The Santa Barbara County Public Defender's Office represents children who appear in juvenile delinquency court, from their first court appearance until the case has been resolved and/or supervision ends. Our role is to defend the child against all allegations that have been made against them by evaluating the charges, conducting proper investigation, exploring all possible defenses and vigorously advocating on behalf of the child in all court proceedings. Our advocacy extends to insure that the needs of the child are met through education, guidance, and treatment consistent with the child's best interest.

What Is Juvenile Delinquency Court?

In most cases, a child under the age of 18 (a minor) appears in juvenile delinquency court because they have been arrested and are accused of breaking the law.  Minors who are habitually truant from school may also appear in delinquency court. 

The purpose of the juvenile delinquency court are to provide for the protection and safety of the public and each minor, give care, treatment and guidance to the minor; hold them accountable for delinquent behavior and to preserve and strengthen the minor's family ties whenever possible.  

What Happens When a Child is Arrested?

When a child is arrested for allegedly committing a crime, the arresting officer may decide whether or not to refer the child to the probation department. If the child is not referred to probation, the child may be released with just a warning. If the child is referred to probation, the officer must also decide whether to release the child with a promise to appear or whether to physically take the child to juvenile hall.

What Happens When a Child is Referred To Probation?

When the probation department receives a child's case from the police, the probation officer will decide whether or not to send the case to the District Attorney's Office. If the case is not refer to the District Attorney, the child may be released with a warning, referred to a diversion program or placed on informal probation. If the case is referred to the District Attorney, it will be up to the District Attorney to file formal charges against the child. When a child is brought to juvenile hall by the police, the probation officer must also decide whether or not to continue to hold the child in custody.

When the District Attorney decides to file formal charges against a child, those charges are contained in a document called a juvenile delinquency petition. Whenever a petition is filed against a child, the child has the absolute right to be represented by an attorney (usually an attorney with the Public Defender's Office). In some cases, the District Attorney also must decide whether to prosecute the child in adult court instead of juvenile court.

What Happens at a Detention Hearing?

If a juvenile delinquency petition is filed against a child who is in custody at juvenile hall, a detention hearing will be held soon after the petition is filed. At the detention hearing, the judge must decide whether to continue to hold the child in custody or to release them. When a child is released from custody, they may be given a straight release, placed on home supervision, or placed on electronic monitoring or GPS. A child released on home supervision or electronic monitoring will be closely supervised by probation while their case is pending; not only will the child's movements be restricted, but they will also be required to check in regularly with a probation officer.

What Happens at a Pretrial Hearing?

The purpose of the pretrial hearing is to see whether the charges contained in the petition can be settled prior to trial or not. It is very common for the prosecuting attorney to allow a child to admit to less serious charges and/or to dismiss charges against the child in exchange for the child giving up his or her right to have a trial. As in adult court, a child is presumed to be innocent of the charges contained in the petition and has the absolute right to require the District Attorney to prove that the charges in the petition are true at a trial.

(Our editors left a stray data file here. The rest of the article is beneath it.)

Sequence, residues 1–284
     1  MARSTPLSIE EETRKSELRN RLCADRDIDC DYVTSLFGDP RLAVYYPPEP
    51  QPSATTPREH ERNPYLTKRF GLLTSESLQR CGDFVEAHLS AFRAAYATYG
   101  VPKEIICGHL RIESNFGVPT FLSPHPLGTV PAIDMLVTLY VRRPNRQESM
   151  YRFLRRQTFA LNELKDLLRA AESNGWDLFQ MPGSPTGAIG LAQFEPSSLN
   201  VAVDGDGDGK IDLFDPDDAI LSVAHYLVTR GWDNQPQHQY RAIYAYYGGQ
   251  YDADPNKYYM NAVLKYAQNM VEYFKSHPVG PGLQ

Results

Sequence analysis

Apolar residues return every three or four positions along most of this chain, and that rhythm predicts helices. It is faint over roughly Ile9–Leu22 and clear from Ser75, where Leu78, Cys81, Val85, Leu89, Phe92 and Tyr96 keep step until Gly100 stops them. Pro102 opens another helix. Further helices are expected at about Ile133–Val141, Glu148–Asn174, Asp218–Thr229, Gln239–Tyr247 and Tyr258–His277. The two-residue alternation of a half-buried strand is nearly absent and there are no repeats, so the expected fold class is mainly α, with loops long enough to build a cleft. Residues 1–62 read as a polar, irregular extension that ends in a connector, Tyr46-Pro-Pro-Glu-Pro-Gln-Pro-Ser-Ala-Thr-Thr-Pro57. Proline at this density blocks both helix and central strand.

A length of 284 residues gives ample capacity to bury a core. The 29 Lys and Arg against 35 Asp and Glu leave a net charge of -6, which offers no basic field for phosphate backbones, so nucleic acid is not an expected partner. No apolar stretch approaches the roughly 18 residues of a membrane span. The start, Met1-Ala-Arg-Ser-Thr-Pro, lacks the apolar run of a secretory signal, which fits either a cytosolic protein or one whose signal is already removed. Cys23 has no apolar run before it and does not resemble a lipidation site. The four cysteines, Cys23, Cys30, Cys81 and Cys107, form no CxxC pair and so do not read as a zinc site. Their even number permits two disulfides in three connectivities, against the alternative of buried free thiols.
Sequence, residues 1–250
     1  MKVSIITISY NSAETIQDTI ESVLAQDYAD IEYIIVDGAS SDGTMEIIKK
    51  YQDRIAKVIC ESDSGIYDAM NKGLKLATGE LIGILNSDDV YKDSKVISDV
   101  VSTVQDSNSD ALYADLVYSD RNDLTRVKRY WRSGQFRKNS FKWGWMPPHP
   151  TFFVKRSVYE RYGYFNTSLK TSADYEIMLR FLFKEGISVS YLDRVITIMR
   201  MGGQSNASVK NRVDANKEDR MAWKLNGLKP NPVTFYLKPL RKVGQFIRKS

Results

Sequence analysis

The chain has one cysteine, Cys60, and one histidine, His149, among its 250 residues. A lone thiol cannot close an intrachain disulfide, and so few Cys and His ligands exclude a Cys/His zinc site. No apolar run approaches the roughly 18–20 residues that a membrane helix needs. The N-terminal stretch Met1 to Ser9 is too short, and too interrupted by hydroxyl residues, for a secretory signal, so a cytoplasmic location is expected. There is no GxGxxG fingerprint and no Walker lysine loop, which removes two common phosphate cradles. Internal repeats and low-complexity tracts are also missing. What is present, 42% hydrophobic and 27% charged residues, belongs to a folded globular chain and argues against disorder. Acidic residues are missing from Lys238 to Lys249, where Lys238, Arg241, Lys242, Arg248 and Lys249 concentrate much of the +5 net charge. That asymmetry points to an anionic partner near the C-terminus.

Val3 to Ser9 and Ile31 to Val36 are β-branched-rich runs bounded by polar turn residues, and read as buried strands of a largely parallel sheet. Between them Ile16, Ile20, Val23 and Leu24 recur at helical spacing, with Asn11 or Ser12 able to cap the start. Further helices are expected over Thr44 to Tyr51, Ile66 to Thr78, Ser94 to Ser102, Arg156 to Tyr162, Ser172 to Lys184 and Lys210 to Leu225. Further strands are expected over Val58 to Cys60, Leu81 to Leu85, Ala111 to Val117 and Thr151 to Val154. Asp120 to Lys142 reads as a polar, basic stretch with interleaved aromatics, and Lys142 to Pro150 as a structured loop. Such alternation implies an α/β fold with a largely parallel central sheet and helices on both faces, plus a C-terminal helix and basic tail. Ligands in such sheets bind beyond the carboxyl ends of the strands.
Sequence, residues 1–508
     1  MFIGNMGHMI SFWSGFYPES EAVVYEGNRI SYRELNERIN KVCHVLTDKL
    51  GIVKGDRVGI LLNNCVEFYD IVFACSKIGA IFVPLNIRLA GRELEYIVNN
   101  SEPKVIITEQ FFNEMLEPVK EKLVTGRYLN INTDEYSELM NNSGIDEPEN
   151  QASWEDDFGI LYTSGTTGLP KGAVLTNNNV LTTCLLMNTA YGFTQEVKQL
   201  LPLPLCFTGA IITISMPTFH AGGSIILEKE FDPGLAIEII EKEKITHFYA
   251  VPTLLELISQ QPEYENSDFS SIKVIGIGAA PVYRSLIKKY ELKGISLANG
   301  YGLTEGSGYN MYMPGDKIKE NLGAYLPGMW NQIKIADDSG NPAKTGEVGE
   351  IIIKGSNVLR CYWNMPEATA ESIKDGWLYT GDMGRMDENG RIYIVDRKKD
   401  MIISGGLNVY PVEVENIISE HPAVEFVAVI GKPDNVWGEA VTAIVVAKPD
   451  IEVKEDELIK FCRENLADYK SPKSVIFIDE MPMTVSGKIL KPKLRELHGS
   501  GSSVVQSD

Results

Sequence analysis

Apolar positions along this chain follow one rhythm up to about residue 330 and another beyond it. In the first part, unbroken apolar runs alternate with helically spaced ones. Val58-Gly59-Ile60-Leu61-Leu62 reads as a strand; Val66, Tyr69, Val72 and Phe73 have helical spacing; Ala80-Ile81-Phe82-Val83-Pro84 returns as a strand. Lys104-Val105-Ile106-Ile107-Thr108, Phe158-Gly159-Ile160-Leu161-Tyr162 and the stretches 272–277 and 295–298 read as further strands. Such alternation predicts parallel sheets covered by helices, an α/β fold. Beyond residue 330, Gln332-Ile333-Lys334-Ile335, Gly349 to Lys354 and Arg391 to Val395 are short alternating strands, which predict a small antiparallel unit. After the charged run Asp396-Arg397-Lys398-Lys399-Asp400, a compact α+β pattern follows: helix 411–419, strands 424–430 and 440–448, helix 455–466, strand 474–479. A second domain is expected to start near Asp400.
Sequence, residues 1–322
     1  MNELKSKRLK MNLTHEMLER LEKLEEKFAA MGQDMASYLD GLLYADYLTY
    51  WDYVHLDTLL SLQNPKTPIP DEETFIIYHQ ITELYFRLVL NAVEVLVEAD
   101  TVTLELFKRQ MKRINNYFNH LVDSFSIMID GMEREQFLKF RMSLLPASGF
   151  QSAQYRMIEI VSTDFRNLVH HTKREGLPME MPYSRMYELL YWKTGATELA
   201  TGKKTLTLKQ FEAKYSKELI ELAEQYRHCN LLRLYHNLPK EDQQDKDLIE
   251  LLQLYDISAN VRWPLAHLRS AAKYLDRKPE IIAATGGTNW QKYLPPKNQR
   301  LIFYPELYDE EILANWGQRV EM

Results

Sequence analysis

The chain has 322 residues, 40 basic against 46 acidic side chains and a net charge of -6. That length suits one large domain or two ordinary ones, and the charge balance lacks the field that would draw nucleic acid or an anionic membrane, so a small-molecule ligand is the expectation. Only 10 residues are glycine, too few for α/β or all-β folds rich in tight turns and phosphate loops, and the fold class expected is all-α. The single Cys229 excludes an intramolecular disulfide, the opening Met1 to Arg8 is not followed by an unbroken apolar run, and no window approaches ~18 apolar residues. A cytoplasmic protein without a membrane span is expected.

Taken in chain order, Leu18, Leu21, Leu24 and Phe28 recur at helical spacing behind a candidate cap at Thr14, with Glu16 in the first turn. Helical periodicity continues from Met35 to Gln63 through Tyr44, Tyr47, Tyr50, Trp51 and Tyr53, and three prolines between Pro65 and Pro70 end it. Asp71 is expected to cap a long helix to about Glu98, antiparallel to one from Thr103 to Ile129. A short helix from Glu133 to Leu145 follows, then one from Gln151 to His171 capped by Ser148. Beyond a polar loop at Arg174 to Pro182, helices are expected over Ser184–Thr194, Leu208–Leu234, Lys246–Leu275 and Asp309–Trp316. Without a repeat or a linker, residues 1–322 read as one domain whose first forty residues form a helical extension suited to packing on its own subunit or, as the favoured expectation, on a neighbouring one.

What Happens at a Jurisdictional Hearing?

A trial in juvenile court is known as a jurisdictional hearing. Unlike in adult court, a jury does not decide the child's guilt or innocence. Instead, all jurisdictional hearings in juvenile cases are court trials, where the judge alone determines the outcome of the case. As in adult trials, witnesses are questioned in court, evidence is presented, and the burden is on the District Attorney to prove that the child committed the crime(s) charged in the petition beyond a reasonable doubt. If none of the charge(s) in the petition are proved to be true, the petition is dismissed and the case ends.

What Happens at a Disposition Hearing?

If the child admits charge(s) at a pretrial hearing, or the District Attorney proves at least one of the charges in the petition to be true following a jurisdictional hearing, a disposition hearing will then be held. A disposition hearing is similar to sentencing in adult court. Prior to the disposition hearing, probation will prepare a disposition report, which gives the judge more information about the child, including the child's family situation, his or her educational background, current mental/physical health, and other pertinent information. At the disposition hearing, the judge generally must decide whether to place the child on some form of probation or whether to send the child to out-of-home placement instead. In some cases, the judge has the additional option of committing the child to DJJ (formerly known as CYA).

What Happens When a Child is Placed on Probation?

When a child is placed on probation, they are generally allowed to continue residing with their families under the supervision of a probation officer. A variety of probation conditions may be imposed, including community service hours, counseling/therapy, payment of restitution, and drug testing, among many others. In some cases, periodic progress report hearings are scheduled for the judge to review and monitor the child's performance on probation. When the judge is satisfied that the child has been rehabilitated, the child's probation will be terminated. Although probation is typically terminated much sooner, a youth may legally remain on juvenile probation until age 21.

What Happens When a Child is Sent to Out-of-Home Placement?